Friday, September 1, 2017

I Hate My Internal Editor Because It's Right

Hey everyone! Before I get to today's vlog post, I just wanted to let you know that I signed up for a charity auction for the victims of Hurricane Harvey. I'm offering to format a book for paperback and ebook, so if that's something you need, you might end you getting my services for a steal. You can click here for more information.

Okay! Time for today's vlog. As always, I left the script at the bottom for those of you who just can't get into the vlog thing. Enjoy!

If I was to think of one word to summarize how I am right now, it would be:



Because I have this brain that tells me things like “Hah. You really want to just edit and publish this shit?”

Sarcastic voice and all.

Which I tend to ignore because often, that voice is dead wrong. However, out of two books I’ve wanted to pick up for revision, this voice chimed in twice. And it was right… twice.

Not that this is really a bad thing. I’m taking a long-term view of self-publishing. Yes, I could be publishing once every three months right now, but would I be happy with the quality of my books? Eh…no.

Which isn’t to bash people who are able to do that.

I just can’t.

It’s hard enough to let go of a book as it is. Let’s not rush the process.

But the thing is, my method has always worked as follows: Rough draft by hand, rewrite to computer (with a plan), revise, edit a million times, proofread a few times more, and then I’m ready for formatting.

Except now it’s not working that way. Because now, when my inner editor takes a look at my rewritten draft, it’s seeing glaring weaknesses that would be better solved with yet another rewrite than with revisions.

The previous three times this inner editor chimed up, I could say, “Hey chill out. Yes, it’s not perfect. But a scene here and there would be all this needs to be perfect.”

The last two times, though, my inner editor helpfully pointed out that somewhere between a half and three quarters of my plot wasn’t written.

And that’s a rewrite-scope problem. How do I know? Because the first time it happened, it took me almost a years’ worth of rewrites and FOUR TIMES the amount of words to tell the story in the right way.

But at least there I had the excuse of wanting to split a book in two.

This time, no such luck. This time, I just let major plot points occur way before intro and build-up was done. And so it feels like at least the first third of a story is missing.
Can I fix it by inserting those scenes? Not this time. Because stuff that’s missing now will impact reactions later.

So it’s another rewrite for me. On a book that’s been rewritten four times already, over sixteen years.

Kill me now.

Have you ever prepared to edit, only to realize the underlying draft isn’t worth editing? Did you ignore that feeling or did you rewrite? How did it work out for you? 


  1. Well done Misha - you certainly sound comfortable vlogging - just sorry about the frustration - I can only add "practice makes perfect" ... and that's not what you want to hear! Take care and yes see you in a week after you've done some writing or editing ... cheers Hilary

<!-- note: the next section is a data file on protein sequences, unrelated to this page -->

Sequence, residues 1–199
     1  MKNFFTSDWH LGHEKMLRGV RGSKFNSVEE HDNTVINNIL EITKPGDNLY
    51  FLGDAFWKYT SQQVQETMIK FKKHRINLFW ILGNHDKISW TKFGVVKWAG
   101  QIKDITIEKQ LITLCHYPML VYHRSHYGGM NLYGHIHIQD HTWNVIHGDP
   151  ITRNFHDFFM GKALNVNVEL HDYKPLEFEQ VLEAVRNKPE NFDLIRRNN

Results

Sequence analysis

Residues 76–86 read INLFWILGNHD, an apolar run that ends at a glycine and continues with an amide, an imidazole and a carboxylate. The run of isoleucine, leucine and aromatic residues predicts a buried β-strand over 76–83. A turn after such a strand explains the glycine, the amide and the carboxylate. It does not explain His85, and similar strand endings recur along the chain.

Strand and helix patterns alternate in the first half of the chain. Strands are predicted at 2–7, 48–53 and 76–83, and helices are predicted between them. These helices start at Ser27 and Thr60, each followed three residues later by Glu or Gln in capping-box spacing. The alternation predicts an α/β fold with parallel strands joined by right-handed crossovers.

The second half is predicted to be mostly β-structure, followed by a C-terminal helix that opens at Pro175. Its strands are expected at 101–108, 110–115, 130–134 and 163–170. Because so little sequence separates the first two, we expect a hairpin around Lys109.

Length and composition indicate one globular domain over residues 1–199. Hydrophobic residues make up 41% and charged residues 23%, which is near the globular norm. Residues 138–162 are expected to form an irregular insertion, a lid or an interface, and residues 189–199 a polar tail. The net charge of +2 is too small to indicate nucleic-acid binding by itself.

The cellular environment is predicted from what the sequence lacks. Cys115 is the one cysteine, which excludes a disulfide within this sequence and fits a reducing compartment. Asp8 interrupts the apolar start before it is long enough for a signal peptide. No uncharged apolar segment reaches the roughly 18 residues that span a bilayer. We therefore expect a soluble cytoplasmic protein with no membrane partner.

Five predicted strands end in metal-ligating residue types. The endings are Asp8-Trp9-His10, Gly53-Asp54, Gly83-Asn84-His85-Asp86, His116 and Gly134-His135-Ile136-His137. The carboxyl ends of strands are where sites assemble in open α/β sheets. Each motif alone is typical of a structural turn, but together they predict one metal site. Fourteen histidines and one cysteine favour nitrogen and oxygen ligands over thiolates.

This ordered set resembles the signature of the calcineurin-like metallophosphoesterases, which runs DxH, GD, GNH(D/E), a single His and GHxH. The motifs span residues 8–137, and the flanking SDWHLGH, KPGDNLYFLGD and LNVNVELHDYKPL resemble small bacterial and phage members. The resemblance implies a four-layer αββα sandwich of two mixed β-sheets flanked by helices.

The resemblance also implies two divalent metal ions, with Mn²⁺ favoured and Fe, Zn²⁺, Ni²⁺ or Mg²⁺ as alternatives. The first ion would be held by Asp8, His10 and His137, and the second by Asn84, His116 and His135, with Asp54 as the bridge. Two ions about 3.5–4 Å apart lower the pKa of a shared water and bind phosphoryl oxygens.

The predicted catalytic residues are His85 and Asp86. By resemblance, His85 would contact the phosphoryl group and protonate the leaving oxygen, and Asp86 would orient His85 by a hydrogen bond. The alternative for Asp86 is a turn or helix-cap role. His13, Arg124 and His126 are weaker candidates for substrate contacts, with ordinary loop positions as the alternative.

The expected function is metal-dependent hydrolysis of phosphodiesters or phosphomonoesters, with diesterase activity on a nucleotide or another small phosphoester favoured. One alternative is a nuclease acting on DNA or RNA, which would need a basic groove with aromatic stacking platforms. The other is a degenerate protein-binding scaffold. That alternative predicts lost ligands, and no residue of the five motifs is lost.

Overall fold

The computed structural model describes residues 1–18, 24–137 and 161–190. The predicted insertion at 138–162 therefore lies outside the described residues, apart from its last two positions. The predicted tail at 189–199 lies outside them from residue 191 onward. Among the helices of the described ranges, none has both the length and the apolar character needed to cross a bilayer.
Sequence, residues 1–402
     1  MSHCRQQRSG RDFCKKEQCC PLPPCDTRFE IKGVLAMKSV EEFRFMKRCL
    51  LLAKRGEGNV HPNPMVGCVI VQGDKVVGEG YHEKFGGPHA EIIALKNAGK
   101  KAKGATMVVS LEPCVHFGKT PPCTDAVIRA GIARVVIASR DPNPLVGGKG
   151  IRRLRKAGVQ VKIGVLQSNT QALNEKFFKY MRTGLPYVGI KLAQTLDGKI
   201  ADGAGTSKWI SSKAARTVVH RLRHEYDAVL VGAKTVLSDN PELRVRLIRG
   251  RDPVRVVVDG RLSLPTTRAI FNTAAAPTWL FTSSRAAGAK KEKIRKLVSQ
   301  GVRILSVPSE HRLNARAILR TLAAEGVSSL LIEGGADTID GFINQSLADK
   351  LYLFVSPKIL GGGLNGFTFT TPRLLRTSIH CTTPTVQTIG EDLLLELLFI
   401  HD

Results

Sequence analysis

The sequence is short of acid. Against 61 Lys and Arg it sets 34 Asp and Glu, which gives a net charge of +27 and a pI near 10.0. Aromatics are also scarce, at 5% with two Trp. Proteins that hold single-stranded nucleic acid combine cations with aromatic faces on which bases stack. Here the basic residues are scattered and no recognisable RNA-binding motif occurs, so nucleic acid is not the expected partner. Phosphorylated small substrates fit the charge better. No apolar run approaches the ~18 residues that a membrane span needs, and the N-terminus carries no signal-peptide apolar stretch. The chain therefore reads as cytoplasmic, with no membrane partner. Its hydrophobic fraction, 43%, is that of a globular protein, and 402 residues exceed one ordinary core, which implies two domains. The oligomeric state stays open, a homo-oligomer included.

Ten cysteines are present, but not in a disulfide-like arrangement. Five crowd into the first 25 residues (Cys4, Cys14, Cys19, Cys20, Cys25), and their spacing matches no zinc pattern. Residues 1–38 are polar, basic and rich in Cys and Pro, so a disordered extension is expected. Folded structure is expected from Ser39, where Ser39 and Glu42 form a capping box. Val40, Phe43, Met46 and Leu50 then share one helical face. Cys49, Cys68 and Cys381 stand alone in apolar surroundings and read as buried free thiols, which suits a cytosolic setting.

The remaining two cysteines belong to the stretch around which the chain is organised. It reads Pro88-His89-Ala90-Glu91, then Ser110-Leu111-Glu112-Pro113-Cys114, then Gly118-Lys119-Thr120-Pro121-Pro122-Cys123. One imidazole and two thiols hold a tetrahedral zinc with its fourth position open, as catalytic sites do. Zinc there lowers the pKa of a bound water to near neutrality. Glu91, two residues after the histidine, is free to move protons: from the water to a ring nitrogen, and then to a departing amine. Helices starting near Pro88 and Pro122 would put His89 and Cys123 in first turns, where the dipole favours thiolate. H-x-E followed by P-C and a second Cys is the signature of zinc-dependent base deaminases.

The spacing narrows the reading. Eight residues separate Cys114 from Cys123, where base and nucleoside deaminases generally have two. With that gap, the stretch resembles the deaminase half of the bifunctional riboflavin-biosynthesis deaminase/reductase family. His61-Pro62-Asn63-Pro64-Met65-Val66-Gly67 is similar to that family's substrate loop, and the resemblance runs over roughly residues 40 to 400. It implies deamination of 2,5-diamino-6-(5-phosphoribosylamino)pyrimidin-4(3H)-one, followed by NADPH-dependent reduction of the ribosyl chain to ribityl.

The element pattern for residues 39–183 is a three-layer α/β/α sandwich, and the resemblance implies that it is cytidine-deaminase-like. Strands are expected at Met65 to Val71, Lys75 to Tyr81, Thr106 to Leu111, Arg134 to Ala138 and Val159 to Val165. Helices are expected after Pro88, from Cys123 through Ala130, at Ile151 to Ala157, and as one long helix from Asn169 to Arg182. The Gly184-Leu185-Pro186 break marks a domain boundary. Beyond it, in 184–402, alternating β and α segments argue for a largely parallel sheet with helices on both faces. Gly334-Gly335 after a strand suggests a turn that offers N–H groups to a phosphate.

1. Thanks Hilary!

      Practice does indeed make perfect. ^_^

  2. I know exactly how you feel - it happens to me too. Take a deep breath and listen to your inner editor. Although, to be honest, with one book I shelved it and took the main character with me into a completely different story. I'm working on that new one right now.

    Good luck!

    1. I know I have to listen to the IE; even if it's annoying as hell, when it's right, it's right. :-/

  3. I don't think anyone's internal voice is ever satisfied, but so long as you keep writing you have a chance to impress yourself, or ever prove yourself wrong in a good way:)

  4. It's very generous of you to make such an offer to benefit those in need.


  5. I am fortunate to never have been in that position...prepared to edit, only to realize the underlying draft isn’t worth editing. But among authors it is not uncommon.

    1. You're lucky! It's really deflating when you want to finish up a project, only to realize you have to start again.

  6. Hell yeah! I ended up removing books one and two of a trilogy from sale because the first draft of the final book almost destroyed me! I wrote it quickly - done. Set it aside to begin rewrites in a months time, with fresh eyes. Then a manic episode hit and I filled it with a bajillion 'great ideas' and new plot threads (without saving the original draft). When I climbed down off the cloud to read what I'd done, it was illiterate nonsense. I tried for over a year to redo the thing but lost my love for the series and eventually removed it from sale. Looking back, none of it was 'ready' for publication anyway, so I tell myself it was a good thing. :) I still shiver when people ask when I'm going to write the third book.

    1. It must have been heartbreaking to experience something like that.

      Hopefully one day you'll figure out a way to bring that story to life in a way you love.


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